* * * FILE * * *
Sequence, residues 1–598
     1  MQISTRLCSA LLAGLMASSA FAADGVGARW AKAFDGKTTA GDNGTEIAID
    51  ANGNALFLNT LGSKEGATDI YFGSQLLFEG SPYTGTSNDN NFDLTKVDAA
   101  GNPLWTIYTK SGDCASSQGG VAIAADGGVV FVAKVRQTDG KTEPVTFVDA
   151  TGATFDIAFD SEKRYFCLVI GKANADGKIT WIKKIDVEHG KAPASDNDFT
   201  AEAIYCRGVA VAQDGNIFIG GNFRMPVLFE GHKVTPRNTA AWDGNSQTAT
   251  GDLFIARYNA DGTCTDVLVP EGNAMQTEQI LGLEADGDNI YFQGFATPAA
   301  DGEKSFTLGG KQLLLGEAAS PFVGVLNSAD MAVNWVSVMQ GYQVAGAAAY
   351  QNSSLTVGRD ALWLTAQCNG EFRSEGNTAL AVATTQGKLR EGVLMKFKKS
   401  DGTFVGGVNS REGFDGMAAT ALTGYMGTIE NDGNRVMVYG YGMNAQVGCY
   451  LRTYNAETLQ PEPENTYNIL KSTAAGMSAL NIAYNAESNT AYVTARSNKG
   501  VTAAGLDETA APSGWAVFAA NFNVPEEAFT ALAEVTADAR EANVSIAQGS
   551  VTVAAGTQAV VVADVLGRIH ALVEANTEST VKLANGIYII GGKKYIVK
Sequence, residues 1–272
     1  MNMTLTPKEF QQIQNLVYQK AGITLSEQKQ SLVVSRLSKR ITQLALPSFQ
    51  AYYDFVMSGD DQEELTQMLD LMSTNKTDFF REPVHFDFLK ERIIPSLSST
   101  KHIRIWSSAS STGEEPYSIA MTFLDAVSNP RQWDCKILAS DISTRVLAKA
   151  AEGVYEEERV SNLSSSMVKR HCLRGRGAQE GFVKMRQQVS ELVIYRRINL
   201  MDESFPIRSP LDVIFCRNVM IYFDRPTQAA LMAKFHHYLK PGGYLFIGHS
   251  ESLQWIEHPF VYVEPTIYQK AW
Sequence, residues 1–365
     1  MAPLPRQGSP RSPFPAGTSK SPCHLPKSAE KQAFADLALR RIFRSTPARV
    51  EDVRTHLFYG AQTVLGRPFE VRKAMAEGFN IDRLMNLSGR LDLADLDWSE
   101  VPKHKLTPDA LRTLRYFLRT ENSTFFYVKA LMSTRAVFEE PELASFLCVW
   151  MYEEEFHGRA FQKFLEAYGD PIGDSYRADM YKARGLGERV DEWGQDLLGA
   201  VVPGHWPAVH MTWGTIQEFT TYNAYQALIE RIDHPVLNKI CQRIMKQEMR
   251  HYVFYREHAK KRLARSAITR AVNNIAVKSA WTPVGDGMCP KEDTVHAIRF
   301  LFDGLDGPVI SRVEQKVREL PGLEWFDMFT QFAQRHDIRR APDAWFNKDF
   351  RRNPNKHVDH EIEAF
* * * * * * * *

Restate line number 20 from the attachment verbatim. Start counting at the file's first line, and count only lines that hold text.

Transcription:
   251  ESLQWIEHPF VYVEPTIYQK AW